manual or the “Help” menu on their screen.
Each word processing software program performs basically the same functions, but will have
slightly different keyboard commands and menus.
Examples of different word processing software are:
1.12.1 Skills for Working with Text
18.104.22.168 Correcting a “typo”
When typing in text and hit the “s” key instead of the “a” key, this is usually called a
typo. The most common way to correct this is to use the backspace key or delete key on the
Backspace key - deletes the first character to the left of the cursor
Delete key - deletes the first character to the right of your cursor.
22.214.171.124 Cut & Paste
Another way to edit is by Cut & Paste. To cut, highlight the section of text want to
move, either with the keyboard or mouse, then from the edit menu, choose “Cut”.
Place the cursor where we want the text to be and from the edit menu choose “Paste”.
The Copy function can be used to have text repeated in the document. Using the copy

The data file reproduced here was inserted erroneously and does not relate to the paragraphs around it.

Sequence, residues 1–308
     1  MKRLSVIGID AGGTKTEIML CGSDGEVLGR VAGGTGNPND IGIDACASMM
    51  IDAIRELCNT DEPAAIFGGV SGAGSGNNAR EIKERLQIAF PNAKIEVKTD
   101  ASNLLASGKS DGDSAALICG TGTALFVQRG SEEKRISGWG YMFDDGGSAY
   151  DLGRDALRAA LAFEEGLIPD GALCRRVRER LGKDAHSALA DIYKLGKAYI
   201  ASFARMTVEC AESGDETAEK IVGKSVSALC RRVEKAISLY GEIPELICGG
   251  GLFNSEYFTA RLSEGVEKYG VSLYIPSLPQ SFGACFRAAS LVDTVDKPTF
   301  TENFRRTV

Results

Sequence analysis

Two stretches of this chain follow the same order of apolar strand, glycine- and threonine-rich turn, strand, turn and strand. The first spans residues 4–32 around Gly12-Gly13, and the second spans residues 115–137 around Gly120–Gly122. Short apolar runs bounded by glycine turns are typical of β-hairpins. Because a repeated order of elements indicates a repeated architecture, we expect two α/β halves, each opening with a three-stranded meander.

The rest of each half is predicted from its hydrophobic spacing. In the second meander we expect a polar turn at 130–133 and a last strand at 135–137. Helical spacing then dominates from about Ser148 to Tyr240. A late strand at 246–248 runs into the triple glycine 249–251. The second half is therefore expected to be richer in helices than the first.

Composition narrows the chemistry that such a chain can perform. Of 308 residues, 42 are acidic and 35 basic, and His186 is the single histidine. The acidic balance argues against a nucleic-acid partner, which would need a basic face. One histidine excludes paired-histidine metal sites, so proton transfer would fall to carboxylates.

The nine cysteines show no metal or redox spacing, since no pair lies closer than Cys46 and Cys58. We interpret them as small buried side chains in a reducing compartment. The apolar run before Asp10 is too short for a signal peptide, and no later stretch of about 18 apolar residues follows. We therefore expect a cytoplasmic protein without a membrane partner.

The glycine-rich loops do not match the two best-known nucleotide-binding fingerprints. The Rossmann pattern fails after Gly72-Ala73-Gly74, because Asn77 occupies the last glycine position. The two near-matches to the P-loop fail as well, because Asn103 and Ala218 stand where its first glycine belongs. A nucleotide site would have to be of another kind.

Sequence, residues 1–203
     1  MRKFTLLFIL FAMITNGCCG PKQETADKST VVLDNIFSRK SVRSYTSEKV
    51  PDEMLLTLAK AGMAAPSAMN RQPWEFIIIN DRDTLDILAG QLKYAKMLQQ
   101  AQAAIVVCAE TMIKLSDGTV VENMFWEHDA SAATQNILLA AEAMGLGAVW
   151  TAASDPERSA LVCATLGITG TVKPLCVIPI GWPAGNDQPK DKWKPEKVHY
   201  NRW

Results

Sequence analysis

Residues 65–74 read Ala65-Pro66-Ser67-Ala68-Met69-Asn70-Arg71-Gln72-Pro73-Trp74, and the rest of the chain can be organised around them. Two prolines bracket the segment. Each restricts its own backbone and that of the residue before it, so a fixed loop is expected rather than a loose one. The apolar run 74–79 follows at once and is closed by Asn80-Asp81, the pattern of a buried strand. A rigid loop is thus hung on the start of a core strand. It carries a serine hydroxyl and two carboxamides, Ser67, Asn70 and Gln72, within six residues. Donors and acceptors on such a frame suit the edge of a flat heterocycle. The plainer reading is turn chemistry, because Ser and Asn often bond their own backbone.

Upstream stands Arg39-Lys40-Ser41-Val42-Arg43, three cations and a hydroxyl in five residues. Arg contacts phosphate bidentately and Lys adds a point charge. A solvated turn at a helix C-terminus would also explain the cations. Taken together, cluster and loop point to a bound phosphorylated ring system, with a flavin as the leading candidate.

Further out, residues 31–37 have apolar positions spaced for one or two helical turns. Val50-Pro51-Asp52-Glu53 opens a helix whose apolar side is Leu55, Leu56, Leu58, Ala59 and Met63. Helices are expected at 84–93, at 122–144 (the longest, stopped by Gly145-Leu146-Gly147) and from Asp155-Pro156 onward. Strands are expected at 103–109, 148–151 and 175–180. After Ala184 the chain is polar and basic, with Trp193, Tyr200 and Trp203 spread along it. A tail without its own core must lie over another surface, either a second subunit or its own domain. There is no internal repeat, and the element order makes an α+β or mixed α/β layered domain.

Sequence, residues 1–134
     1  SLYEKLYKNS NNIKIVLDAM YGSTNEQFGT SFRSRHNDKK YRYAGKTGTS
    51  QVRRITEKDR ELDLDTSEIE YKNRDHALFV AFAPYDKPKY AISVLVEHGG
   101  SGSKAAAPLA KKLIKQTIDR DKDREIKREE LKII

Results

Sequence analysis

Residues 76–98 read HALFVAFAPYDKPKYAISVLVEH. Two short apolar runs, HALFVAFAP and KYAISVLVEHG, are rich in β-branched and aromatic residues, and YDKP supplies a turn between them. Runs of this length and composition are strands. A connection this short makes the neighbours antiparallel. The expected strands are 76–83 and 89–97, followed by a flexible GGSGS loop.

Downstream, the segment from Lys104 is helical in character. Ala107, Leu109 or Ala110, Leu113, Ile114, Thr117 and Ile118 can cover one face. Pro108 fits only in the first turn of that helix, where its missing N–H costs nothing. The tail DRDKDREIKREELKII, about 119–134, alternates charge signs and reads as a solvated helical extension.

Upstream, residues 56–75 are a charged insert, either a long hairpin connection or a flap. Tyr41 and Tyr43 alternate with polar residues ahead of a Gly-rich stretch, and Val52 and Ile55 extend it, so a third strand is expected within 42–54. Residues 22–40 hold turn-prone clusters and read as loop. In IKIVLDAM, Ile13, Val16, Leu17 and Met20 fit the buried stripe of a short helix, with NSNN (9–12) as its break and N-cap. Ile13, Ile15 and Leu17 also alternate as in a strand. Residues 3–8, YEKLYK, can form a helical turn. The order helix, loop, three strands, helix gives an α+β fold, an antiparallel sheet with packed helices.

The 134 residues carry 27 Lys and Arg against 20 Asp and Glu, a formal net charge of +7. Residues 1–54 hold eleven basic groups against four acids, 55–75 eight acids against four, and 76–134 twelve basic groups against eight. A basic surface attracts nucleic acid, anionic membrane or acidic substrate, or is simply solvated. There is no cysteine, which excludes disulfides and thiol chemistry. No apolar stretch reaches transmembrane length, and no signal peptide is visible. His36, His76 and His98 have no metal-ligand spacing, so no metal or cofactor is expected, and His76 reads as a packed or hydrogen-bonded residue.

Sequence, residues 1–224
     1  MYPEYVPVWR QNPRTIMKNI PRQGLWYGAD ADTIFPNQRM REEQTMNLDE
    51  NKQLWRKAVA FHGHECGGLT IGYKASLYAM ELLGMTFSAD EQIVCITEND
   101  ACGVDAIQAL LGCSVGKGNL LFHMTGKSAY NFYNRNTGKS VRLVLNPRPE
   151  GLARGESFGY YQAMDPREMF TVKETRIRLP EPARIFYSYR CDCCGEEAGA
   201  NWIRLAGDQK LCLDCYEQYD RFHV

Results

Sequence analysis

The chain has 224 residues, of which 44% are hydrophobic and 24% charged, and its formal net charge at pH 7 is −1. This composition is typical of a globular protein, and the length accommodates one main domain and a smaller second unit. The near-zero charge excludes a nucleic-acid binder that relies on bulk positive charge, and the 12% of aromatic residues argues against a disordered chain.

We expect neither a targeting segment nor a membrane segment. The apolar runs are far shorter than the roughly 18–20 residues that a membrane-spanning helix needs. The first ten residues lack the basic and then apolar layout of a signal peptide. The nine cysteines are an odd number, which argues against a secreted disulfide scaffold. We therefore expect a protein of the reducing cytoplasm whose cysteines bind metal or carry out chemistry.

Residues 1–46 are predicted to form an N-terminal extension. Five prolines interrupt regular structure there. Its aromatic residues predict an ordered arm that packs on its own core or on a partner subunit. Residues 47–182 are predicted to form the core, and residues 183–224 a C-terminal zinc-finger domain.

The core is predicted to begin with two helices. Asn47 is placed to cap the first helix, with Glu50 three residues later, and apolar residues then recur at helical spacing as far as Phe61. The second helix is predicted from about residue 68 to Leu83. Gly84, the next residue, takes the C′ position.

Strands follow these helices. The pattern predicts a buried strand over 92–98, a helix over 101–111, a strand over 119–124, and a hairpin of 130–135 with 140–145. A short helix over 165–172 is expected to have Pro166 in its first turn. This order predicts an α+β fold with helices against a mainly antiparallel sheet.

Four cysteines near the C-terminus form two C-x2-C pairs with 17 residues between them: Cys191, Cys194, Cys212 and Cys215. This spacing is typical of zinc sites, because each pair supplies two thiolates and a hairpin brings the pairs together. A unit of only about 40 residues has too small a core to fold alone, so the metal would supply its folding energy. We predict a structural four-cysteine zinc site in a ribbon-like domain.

function is similar to using cut and paste.
44. Highlight the section that we want copied and then paste it where desired.
126.96.36.199 Using Fonts
A Font is the style of the text. In most word processors, Times New Roman is the default
font. There are a wide variety of fonts offered with different software packages.
188.8.131.52 Character Size
The character size is the size of the text. The size is measured in points, with a larger
number of points meaning a larger size text.
The text we are reading now is 12 point in size.
Some examples of fonts and character sizes are:
Comic Sans MS 16pt
Justification means where the text is aligned on the page. Text can be formatted to be: